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In all of our (Shepherd Media & Visual Worshiper) travels/conversations/seminars about church projection/media, we CONSTANTLY have churches wanting DVI or HDMI cable because "it's digital" or "it looks better" or "we can run it farther".

We set out to prove that those are not true, and if you're wanting to run a certain type of cable just because your Blu-Ray player uses it, you're probably wasting the church's money.

We have observed that...

...the quality of cable matters.  Identical signal run via 150' of $2/ft VGA VS. pennies/ft equals DRAMATIC difference.  Ghosting and fuzziness occurs with cheap cable, test becomes hart to read.

...sending 1024 x 768 into native XGA projector via 3' VGA or 3' DVI-D (digital only) looks NO different.

...sending 1024 x 768 into native XGA projector via 3' VGA or 3' HDMI looks NO different.

...sending 1024 x 768 into native XGA projector via 150' of high-quality VGA looks NO different than the 3' DVI or the 3' HDMI.

...sending 1080i and 1080p into native XGA projector via HDMI looks WORSE actually because the projector isn't capable of using all the resolution.

...the type of connection and resolution is of little importance compared to quality of cable and native resolution of projector, as well as the internal quality of the projector panels and chips/guts. doesn't matter what resolution you send out of the computer, the native resolution of a projector is going to be the highest it can project and utilize.  Using a different cable so you can send a higher resolution is of no benefit.

Interesting find #1:  When you use a DVI-D cable (digital only) out of the computer to the projector, the projector/display device will typically send a signal to the computer telling the computer what the native resolution is, and the name of the device, in this case, the name of the brand of projector.  I actually didn't like this, because it limited my computer to what resolution I could send to the projector.  Not terribly relevant to the overall test, but interesting.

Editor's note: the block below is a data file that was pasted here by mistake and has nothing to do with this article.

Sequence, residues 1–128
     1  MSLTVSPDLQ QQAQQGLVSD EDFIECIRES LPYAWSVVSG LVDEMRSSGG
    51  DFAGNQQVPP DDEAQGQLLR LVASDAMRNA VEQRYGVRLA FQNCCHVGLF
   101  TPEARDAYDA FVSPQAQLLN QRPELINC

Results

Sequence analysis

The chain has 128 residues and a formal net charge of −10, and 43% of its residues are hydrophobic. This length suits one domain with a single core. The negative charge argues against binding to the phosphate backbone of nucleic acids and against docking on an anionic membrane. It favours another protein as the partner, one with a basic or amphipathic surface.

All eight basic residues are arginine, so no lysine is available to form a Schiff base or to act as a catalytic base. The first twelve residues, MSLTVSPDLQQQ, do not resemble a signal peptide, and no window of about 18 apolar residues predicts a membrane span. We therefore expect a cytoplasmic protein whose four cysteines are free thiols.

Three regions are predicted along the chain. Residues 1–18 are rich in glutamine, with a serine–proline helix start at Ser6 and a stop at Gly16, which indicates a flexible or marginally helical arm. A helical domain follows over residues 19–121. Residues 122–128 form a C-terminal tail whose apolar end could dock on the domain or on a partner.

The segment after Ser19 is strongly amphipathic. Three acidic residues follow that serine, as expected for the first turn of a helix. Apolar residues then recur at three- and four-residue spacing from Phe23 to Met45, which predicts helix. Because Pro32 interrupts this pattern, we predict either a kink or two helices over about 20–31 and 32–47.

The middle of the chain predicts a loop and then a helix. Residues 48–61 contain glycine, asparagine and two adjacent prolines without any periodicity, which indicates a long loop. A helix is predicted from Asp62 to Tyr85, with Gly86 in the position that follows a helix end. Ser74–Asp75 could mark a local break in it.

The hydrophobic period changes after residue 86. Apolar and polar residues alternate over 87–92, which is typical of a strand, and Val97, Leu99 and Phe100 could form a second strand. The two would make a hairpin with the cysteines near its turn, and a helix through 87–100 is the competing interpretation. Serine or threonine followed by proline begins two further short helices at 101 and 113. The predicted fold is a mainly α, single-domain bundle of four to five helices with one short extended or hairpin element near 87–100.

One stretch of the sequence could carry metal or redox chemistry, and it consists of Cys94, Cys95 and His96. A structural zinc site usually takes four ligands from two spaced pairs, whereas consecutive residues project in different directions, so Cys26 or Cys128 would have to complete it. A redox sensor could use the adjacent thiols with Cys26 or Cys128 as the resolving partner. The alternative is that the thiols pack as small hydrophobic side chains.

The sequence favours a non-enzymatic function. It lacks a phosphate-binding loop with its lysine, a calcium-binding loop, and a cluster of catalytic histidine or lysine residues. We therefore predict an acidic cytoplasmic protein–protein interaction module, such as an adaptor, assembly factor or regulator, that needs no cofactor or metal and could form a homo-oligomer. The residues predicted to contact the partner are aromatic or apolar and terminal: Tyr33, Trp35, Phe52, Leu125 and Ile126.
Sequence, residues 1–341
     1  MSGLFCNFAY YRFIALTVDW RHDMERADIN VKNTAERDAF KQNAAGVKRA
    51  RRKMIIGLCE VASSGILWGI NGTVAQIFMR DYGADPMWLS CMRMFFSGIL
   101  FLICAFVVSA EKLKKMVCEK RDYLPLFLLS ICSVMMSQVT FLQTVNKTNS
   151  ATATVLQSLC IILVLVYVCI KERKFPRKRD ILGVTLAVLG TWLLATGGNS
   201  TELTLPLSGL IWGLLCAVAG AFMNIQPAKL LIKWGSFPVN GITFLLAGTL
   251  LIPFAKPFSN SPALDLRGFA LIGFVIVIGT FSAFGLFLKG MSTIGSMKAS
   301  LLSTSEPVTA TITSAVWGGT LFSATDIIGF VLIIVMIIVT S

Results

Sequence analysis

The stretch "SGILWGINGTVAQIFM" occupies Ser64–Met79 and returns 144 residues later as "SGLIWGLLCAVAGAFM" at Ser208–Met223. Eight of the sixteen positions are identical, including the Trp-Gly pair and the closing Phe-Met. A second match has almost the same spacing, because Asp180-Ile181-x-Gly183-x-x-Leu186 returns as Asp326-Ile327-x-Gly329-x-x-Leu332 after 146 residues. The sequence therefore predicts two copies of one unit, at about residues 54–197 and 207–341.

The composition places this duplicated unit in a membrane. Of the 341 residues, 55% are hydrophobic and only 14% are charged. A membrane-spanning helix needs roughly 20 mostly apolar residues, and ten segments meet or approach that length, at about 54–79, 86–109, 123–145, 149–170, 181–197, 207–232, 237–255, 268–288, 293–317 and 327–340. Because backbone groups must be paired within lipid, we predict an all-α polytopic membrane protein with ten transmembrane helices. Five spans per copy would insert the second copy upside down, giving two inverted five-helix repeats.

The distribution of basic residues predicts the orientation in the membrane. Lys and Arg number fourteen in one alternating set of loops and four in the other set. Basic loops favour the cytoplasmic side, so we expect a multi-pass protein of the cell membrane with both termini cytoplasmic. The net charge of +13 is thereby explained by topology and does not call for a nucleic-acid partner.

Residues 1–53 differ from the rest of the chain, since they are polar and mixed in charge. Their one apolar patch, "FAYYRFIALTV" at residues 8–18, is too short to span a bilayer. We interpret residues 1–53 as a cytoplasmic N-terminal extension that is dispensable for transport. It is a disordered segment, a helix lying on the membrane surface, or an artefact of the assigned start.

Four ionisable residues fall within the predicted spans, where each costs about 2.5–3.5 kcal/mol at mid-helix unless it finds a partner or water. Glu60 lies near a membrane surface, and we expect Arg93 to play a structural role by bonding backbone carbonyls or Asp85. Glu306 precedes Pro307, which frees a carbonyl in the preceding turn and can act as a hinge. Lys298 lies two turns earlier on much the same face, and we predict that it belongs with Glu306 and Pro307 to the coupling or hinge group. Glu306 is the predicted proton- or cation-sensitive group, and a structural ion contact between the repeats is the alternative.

Interesting find #2:  One specific manufacturer's projector with a 1024 x 768 input looks WAY BETTER than another.  It was less-jagged around text.  Company A uses a .6 LCD panel and Company B uses a .8 LCD panel.

Interesting find #3:  Did you know that a VGA cable can send up to 2K resolution?  Now...'by the book' only says up to 25', but from our observations, we believe it could go much longer.

Our future tests will use a native, full-HD-projector, but we don't have a lot of those just laying around in the professional series so that will come ASAP.

Let me attempt to address objections in advance:

For MOST churches, they do NOT need anything different than high-quality (high-bandwidth) VGA cable.

What about a native WXGA (720p) projector?  It would have no impact because WXGA isn't necessarily "higher" resolution, it's only WIDER resolution.

What about a native WUXGA (1080p) projector?  Same answer; the bandwidth of the right high-quality cable can handle up to 1920 x 1200, and guess what...that's a VGA cable.

High-rez pics:

3 comments (Add your own)

1. Brad Foster wrote:
Great article. But to be compatible with a BluRay player it would be best to go HDMI right?

Tue, June 5, 2012 @ 3:59 PM

2. Brian Greenwood wrote:

While I agree with much of what you said above I believe you are neglecting a critical fact. VGA is being EOLed in 2013. Intel will no longer support and/or provide the chip that allows video conversion to analog VGA as of Jan 2013. As a result neither laptops nor desktops will have VGA outputs anymore. Yes there will be work arounds for a time. But as a video system designer and installer I personally feel installing new VGA solutions at this juncture is doing a disservice to churches. When they upgrade their computers a couple of years later the existing video system may no longer be compatible.

Tue, June 12, 2012 @ 11:01 AM

3. Camron Ware wrote:
@Brad - Yes; for something like BR; HDMI is what you need.
@Brian - Right; there's a time when it will change - this post was really just to show the differences (or lack of), not say it's the end-all be all.

Wed, June 13, 2012 @ 10:11 AM

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